Essay on Sexting Law Reform

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In today’s American society, almost everyone, even children as young as six, owns a cell phone with a camera. Although convenient, camera phones also open the door to massive problems concerning child pornography that stem from sexting, or sending nude or lascivious photos. According to a 2010 Federal Bureau of Investigation survey1 of 4,400 middle and high school students, “approximately eight percent of students reported that they had sent a sext of themselves to others while thirteen percent said they had received a sext.” The main problem with sexting, aside from being child pornography if it is a picture of minor, is the ease of dissemination of the sext to other contacts or even the Internet. The United States alone has seen several …show more content…
The jury in the Iowa Supreme Court convicted him of knowingly disseminating obscene material to a minor and required him to register as a sex offender.3 In the United States, seventeen states have enacted special sexting laws that outline what parties are culpable and the punishments for sending and receiving sexts to and from minors. Some states, such as New York, make an effort to keep minors from having to enroll as sex offenders over a sext. New York law states,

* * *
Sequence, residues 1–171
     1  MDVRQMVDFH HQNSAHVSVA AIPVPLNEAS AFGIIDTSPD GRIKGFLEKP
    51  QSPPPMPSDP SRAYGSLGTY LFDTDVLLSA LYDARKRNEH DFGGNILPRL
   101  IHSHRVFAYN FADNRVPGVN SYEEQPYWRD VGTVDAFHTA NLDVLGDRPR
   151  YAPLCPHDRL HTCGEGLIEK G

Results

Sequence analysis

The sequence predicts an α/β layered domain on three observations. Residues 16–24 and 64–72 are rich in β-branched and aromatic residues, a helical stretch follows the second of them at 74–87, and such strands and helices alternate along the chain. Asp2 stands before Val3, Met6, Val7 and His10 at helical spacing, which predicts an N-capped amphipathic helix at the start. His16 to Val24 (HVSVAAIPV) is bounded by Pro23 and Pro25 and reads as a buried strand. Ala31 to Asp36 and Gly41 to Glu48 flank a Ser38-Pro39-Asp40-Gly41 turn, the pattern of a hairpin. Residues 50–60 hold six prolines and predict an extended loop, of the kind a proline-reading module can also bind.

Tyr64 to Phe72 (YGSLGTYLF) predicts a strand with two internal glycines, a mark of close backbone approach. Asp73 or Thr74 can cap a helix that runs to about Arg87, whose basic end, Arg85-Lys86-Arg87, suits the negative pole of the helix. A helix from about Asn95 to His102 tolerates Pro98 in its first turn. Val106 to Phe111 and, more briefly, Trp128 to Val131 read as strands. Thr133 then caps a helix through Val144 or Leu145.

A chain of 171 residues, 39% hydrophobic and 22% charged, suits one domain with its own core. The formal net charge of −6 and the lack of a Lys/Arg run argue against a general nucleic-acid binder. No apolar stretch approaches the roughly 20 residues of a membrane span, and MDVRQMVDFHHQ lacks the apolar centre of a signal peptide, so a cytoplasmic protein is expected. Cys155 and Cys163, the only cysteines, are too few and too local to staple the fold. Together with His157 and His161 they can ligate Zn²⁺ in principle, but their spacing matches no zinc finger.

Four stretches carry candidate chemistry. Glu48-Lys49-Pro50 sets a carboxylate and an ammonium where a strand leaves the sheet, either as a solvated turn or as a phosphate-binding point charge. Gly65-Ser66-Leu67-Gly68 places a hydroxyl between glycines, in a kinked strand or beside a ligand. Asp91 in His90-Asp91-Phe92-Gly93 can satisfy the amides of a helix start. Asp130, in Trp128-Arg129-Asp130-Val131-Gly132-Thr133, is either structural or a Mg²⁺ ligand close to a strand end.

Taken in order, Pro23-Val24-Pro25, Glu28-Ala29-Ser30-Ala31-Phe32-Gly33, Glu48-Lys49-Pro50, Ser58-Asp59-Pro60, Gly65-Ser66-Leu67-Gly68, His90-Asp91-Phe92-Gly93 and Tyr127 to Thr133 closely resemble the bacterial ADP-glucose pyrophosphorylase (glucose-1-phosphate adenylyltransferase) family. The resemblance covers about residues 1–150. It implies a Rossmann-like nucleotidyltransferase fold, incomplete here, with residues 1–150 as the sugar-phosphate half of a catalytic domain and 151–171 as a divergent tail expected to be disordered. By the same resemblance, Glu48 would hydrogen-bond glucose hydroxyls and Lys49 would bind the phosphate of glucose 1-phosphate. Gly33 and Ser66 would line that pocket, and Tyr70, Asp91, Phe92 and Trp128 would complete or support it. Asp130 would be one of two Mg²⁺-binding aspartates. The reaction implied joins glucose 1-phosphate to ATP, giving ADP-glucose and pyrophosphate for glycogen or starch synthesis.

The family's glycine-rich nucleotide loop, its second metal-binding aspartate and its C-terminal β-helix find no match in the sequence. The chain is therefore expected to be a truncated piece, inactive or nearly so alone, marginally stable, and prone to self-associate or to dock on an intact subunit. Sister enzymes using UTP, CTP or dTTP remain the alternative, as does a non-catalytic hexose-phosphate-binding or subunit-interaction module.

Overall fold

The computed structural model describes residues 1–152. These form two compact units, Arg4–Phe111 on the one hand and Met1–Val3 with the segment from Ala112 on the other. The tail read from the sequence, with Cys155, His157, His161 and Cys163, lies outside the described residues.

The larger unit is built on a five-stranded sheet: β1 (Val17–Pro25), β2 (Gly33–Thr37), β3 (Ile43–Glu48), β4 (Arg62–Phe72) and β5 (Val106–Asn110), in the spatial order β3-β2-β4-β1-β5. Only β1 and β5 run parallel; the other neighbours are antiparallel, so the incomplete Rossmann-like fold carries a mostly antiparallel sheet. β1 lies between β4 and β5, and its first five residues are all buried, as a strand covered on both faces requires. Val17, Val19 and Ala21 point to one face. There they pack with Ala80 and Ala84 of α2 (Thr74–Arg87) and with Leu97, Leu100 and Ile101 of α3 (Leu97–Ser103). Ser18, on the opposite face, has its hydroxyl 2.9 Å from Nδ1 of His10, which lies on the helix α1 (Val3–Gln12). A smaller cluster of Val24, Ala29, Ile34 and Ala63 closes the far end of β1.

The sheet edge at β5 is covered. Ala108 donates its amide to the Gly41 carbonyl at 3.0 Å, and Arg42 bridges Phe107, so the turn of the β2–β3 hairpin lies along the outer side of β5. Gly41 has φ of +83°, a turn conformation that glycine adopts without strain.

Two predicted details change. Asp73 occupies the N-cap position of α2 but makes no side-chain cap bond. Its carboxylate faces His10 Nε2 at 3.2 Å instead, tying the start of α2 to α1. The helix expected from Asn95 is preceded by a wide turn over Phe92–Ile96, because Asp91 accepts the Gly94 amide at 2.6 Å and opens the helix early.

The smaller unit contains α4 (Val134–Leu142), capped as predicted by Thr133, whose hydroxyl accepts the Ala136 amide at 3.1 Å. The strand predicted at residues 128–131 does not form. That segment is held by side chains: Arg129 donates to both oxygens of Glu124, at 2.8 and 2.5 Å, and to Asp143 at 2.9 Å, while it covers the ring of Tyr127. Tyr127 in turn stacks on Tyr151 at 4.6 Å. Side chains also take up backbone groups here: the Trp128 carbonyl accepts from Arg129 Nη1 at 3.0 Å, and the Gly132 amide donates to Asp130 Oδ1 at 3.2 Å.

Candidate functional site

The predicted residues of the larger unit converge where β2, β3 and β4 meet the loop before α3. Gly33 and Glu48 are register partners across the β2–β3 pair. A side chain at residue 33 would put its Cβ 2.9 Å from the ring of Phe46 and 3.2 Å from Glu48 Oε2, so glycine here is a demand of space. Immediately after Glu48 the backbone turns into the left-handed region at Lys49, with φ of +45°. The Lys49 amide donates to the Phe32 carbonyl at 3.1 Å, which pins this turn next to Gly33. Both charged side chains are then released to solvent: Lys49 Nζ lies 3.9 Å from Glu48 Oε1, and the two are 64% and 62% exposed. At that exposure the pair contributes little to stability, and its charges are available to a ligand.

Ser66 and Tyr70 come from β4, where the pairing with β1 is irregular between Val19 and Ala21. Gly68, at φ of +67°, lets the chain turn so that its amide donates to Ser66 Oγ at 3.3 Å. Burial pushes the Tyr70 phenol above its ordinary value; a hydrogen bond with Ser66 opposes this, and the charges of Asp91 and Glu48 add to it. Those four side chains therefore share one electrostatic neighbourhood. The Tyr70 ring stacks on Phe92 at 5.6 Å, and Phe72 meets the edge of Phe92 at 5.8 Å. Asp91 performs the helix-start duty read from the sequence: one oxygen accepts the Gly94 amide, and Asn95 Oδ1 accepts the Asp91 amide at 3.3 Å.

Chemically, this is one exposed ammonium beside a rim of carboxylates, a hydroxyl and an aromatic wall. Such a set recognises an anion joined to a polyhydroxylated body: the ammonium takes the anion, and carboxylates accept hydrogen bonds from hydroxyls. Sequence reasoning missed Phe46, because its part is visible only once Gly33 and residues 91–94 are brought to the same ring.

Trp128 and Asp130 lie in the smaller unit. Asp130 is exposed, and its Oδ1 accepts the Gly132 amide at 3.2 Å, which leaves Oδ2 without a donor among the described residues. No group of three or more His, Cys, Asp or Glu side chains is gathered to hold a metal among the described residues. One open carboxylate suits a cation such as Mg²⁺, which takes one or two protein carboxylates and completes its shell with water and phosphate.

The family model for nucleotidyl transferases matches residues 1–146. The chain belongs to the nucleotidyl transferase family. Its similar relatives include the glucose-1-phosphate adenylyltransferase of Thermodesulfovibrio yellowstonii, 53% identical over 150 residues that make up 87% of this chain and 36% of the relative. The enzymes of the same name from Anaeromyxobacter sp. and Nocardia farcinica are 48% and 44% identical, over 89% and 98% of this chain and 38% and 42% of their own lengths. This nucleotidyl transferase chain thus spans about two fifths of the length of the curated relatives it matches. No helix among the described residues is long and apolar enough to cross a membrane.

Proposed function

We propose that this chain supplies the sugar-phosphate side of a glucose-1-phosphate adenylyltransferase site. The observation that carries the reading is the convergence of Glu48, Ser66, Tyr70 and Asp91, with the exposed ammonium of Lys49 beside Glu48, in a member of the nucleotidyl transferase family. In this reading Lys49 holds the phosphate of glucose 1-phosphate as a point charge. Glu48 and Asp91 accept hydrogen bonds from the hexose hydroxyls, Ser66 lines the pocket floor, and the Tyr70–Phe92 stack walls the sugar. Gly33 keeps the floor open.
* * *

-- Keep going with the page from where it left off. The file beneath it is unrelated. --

“The two persons involved in sending and receiving the message must both be under twenty and must be within five years of age from each other. They will have to participate in an education reform program that involves a maximum of eight hours of instruction that provides information regarding the legal consequences and non-legal consequences of sexting, and the problems associated with technology and bullying.”4

Currently, Indiana does not have a law specifically devoted to dealing with the sexting of minors.5 This jurisdiction falls under Indiana Code 35-42-4-4 that says that those who produce and disseminate videos and photos, among other things, of children under the age of 18-years-old are subject to a Class C felony while those who possess a “video, picture, drawing, negative film, photograph, or any other type of pictorial representation of a child who is less than sixteen-years-old or looks less than sixteen-years old” is subject to a Class D

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